So, let’s look at the name of “yeshu’a”, and determine if it’s wrong for English-speaking people to use the name Jesus when referring to Christ.

Yeshua is the Hebrew name, and its English spelling is “Joshua”. Iesous is the Greek transliteration of the Hebrew name, and its English spelling is Jesus. Thus, the English names Joshua and Jesusâ are essentially the same; both are English pronunciations of the Hebrew and Greek names for our Lord. (For examples of how the two names are interchangeable, see Acts 7:45 and Hebrews 4:8 in the KJV. In both cases, the word “Jesus” refers to the Old Testament character Joshua.) The name Jesus alone doesn’t save, since it was also the name of Joshua. But, when we call on that name in reference to the One savior of mankind, we get the attention of Heaven!

Changing the language of a word doesn’t affect the meaning of the word. As one author put it,

We call a bound and covered set of pages a book. In German, it becomes a buch. In Spanish, it is a “libro”; in French, a “livre”. The language changes, but the object itself does not. As Shakespeare said, “That which we call a rose / By any other name would smell as sweet” (Romeo and Juliet, II:i). In the same way, we can refer to Jesus as “Jesus”, “Yeshua”, “YehSouâ” (Cantonese) without changing His nature. In any language, His name means “The Lord Is Salvation.”

Some go so far as to say the letter “J” wasn’t in the Bible, so it should never be used to reference Jesus. But we don’t discount the use of the letter when saying or writing, “Jerusalem”. If a person speaks and reads English, it is acceptable for him to spell things in an English fashion. We have no Biblical mandate otherwise.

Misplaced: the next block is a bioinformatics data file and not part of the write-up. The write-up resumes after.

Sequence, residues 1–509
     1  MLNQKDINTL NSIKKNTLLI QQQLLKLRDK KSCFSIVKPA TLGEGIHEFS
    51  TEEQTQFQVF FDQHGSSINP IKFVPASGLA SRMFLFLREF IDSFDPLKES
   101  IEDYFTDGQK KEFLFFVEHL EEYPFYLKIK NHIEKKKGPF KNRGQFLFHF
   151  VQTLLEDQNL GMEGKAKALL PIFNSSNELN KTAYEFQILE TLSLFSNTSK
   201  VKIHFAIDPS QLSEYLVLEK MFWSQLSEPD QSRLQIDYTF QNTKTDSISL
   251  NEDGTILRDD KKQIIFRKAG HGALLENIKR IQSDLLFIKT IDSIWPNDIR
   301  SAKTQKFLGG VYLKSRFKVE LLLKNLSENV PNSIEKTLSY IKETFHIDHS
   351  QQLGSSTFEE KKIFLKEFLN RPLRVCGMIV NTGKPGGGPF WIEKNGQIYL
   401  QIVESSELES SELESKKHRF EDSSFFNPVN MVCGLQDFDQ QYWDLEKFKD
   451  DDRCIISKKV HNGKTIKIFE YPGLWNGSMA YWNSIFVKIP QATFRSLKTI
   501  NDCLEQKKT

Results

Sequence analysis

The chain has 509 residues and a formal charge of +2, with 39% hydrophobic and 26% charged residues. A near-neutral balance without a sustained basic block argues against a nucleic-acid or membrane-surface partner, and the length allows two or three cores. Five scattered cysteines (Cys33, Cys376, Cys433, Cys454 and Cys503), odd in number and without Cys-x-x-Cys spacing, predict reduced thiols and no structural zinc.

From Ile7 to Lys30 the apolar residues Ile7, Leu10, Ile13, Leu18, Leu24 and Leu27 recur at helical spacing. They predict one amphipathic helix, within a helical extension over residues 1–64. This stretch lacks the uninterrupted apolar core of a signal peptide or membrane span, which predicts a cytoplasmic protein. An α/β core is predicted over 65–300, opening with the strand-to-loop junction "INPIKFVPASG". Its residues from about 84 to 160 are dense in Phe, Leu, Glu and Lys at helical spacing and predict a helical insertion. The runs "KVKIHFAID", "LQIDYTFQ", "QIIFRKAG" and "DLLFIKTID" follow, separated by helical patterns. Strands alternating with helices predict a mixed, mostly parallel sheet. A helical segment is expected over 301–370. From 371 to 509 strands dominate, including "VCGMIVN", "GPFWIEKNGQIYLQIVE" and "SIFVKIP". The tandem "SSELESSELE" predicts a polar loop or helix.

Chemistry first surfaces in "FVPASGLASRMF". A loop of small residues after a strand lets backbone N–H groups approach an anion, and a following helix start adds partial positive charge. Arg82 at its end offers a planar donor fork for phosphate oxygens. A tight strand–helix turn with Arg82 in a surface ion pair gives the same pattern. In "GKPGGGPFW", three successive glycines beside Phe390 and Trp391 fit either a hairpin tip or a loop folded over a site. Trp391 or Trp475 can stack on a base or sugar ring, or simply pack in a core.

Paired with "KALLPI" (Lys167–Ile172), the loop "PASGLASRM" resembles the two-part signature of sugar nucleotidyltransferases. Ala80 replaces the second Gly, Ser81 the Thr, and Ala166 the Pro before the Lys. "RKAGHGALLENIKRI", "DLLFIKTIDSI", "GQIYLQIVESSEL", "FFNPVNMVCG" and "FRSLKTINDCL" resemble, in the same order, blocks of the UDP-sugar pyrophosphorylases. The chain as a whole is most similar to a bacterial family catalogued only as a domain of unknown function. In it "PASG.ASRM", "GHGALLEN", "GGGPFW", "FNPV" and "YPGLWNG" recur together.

We are given a command in Scripture to “call on the name of the Lord,” our New Birth (Acts 2:21; Acts 2:38; Joel 2:32). Whether we call on Him in English, Korean, Hindi, or Hebrew, the result is the same: the Lord is salvation!

I’m reminded of the old beautiful hymn, “Jesus… Jesus… Jesus. There’s just something about that name! Master, savior, Jesus! Like a fragrance after the rain. Jesus, Jesus, Jesus. Let all Heaven and earth proclaim… Kings and Kingdoms shall all pass away, but there’s something about that name!”

One last statement about those who would lead you astray, back into the bondage of Judaism…

But though we, or an angel from heaven, preach any other gospel unto you than that which we have preached unto you, let him be accursed. As we said before, so say I now again, If any man preach any other gospel unto you than that ye have received, let him be accursed. Galatians 1:8-9

Author: Jay Jones

Jay is an author, veteran church planter, speaker, and the pastor of the Pentecostals of Kentwood. He's a passionate worshipper of Jesus Christ, a husband, daddy, pastor, and a ‘pretty good guy’. Jay is also an ordained minister of the United Pentecostal Church, where he currently serves as a Presbyter in West Michigan.